Grain Spreads: Take the Collection in KC Wheat

Sean LuskGeneral Commentary

For weeks I have been advocating taking a different approach when considering catching potential protracted moves in the market. It calls for selling either 50 cent to a $1.00 wide deep in the money put spreads. This strategy allows one to stay static long in the market, put up reduced margin in most cases, and most of all is a reduction of risk. The immediate benefit is that you get paid upfront, and you can use the collection to position in other markets. One trade I am considering long term calls for the selling of the July KC wheat 6.00/5.00 put spread. I look to sell this spread at 88 cents. Considering the spread itself is a $1.00 wide, that a 1.00 or 12 cents in this case would be the maximum loss plus commissions and fees. Am I saying that I think July KC wheat is going to 6.00? Not exactly. 5.98 was last years high on the weekly continuous chart and in years past we have seen rallies that pushed KC wheat into the 7.00, 8.00, and 9.00 handles going back the past ten years. We have also seen this market trade below 4.00 a few times in three of the last four years. What I am saying is that it in my opinion you will have an opportunity to buy back this spread cheaper than 88 cents at some point in the future. That is my opinion. However if it never rallies and prices move down to 20 year lows and I am completely wrong, I will initiate a 10 cent stop loss upon entry. Risking $500 per spread plus commissions and fees. Initial margin at selling the July KC 6.00/5.00 put spread at 88 cents, where the max loss is 12 cents plus commissions and fees comes in at $403 per spread. Maintenance/Hedge margin is $366.00 per 1 lot spread. This would be a stand alone margin at 88 cents, and if the spread moved against you, the requirement would most likely increase.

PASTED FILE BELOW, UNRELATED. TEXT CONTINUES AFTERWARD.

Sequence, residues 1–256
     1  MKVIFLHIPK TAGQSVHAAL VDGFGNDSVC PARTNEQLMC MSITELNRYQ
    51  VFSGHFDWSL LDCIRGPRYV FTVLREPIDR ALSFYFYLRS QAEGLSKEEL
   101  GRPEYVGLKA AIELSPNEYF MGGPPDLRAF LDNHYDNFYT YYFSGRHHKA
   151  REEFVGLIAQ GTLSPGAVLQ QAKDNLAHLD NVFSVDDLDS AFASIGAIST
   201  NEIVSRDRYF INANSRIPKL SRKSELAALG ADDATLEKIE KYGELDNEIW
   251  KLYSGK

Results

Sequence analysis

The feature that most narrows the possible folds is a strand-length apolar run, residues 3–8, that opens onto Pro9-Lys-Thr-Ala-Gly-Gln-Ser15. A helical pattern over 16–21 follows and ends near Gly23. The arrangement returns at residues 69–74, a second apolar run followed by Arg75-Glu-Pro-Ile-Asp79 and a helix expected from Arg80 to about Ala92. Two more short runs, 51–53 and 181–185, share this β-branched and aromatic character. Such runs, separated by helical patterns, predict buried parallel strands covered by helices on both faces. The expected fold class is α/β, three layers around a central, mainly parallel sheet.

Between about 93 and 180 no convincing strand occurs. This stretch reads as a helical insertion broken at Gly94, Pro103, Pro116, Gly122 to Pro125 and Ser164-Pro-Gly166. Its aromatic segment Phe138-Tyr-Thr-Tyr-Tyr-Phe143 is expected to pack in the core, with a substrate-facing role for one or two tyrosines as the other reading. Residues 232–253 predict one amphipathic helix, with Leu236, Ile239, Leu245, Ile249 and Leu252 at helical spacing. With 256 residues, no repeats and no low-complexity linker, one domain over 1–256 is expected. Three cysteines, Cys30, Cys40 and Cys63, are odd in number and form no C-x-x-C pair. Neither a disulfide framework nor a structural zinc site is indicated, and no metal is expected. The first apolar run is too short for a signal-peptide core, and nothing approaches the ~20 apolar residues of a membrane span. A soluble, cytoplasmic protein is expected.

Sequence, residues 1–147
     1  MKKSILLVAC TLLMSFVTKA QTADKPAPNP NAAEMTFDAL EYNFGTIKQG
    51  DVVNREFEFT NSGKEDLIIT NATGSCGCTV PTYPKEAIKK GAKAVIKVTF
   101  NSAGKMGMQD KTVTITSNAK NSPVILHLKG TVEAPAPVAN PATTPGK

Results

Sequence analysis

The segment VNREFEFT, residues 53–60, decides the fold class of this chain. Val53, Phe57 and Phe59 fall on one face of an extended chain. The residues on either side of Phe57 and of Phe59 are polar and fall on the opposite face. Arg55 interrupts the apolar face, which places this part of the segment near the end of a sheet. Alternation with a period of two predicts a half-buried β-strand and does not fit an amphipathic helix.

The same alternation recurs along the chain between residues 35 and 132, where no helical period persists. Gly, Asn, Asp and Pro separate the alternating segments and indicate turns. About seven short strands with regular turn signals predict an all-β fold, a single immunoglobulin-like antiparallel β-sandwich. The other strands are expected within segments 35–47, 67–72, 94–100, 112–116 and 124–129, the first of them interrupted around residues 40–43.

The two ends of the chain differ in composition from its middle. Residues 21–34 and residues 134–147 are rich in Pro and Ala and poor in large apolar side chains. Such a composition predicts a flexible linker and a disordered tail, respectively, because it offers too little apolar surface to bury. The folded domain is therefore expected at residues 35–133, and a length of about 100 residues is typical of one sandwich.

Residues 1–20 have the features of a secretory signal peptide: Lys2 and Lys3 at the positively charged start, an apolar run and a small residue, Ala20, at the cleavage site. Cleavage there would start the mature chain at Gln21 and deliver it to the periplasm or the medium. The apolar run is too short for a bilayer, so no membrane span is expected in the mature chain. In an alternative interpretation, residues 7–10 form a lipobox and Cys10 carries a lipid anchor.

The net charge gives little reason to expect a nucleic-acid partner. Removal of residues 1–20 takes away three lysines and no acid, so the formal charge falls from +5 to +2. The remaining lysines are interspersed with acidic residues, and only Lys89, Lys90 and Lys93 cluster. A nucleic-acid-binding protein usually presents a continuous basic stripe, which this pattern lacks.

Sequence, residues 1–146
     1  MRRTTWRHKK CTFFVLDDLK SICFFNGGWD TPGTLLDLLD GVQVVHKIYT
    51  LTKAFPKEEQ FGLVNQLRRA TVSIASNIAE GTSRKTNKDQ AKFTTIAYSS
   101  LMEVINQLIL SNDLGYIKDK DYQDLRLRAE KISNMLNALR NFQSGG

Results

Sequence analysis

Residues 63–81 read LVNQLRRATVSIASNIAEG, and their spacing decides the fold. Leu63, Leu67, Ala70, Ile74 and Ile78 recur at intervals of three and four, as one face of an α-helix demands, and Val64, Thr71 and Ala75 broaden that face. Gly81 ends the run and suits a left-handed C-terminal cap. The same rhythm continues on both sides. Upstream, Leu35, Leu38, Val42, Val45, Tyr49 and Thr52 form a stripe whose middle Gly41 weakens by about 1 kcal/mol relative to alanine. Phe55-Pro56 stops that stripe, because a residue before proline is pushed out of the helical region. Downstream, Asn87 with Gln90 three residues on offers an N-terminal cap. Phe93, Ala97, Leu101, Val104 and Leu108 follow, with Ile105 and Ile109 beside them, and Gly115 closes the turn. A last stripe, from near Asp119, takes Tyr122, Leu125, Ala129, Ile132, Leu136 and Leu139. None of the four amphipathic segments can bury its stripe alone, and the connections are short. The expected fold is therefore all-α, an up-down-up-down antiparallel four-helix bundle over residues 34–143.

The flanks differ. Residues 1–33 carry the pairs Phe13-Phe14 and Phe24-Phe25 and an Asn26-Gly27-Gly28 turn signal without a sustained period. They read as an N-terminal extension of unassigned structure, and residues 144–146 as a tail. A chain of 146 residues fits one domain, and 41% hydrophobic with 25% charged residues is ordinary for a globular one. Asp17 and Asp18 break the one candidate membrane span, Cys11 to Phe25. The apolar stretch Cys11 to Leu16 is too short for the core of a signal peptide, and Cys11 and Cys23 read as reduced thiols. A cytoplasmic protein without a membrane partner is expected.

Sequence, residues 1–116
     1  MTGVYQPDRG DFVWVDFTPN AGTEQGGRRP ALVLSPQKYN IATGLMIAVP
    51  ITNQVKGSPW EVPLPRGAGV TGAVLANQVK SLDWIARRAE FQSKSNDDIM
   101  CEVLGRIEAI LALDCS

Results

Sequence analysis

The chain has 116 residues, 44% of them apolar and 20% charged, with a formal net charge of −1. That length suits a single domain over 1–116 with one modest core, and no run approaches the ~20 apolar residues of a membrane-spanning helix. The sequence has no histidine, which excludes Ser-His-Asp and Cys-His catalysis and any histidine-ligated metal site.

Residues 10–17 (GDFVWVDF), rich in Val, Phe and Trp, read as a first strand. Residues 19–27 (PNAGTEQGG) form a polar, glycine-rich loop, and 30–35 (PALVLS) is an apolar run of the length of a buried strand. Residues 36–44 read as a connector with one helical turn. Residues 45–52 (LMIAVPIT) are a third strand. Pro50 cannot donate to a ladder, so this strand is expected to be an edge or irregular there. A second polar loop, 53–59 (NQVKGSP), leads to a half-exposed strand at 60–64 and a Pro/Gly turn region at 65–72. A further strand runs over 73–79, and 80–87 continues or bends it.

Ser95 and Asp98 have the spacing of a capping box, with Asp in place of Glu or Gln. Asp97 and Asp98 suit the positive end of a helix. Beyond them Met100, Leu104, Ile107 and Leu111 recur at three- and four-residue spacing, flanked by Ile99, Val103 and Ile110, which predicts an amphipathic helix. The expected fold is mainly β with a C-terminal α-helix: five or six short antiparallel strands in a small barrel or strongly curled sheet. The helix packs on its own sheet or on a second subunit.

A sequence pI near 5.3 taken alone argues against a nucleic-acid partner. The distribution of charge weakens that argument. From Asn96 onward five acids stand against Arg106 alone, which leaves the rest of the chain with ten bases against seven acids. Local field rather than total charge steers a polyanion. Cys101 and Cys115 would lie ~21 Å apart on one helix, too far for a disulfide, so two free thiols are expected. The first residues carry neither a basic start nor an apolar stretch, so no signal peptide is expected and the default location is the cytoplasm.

There are pitfalls with any strategy and this one is no exception. For me it is the closer the July 20 options approach expiration, the greater risk in having the short puts exercised prior to option expiration. In this case the short 6.00 puts could be exercised into long futures. However if one is long the 5.00 put against this new futures position, the protection would still be there. Therefore we might consider an aggressive counter here.

Sell the July KC wheat 6.00/5.00 put spread. Collect 88 cents ($4400.00) minus commissions and fees. Double up the long side by using that massive credit to simply buy the July 2020 call spread 5.00/5.50 for 8 cents. Now the collection is down to 80 cents minus commissions and fees. I would stick offers on the 5.00/5.50 call spread at 30 cents and bid to buy back the short 6.00/5.00 put spread at 40 cents. Closing both sides in this example would net a ten cent debit. The end result would be a gain of 70 cents minus commissions and fees in this example. This is only one strategy and hedgers/producers can use this to their advantage in my view. For example: A hedger can sell the July 6.00/5.00 put spread at 88 cents. Where the max loss is 12 cents as a spread plus commissions and fees. Use that 88 cents to buy Sep or Dec 450 puts for 25 cents OB. Giving you a floor at 4.50 through harvest. Again just one thought here. There are plenty of ways to go. Critics of this strategy have asked , Why don’t I just bypass these option strategies and just buy futures? I quickly tell them that there are no sure things in trading commodities and that the risk is far greater in outright futures where the margin requirement is 4 times higher than the options spread. In my view in the current environment, one tweet, facebook post, over the weekend off the cuff comment from anyone can send prices spiraling lower/higher. Its becoming the norm rather than the exception and the market is hyper sensitive to them in my opinion. Therefore if one wants to reduce the risk, margin, and at the same time take in a sizable collection, then please reach out and lets talk. Selling five of these spreads at 88 cents would collect 22 K. With a ten cent stop loss, the risk is 2500.00 plus commissions and fees. One can sit with that collection and look to buy back with the goal of giving as little as possible back. I previously have discussed the same strategies for corn and beans in previous posts and on my weekly
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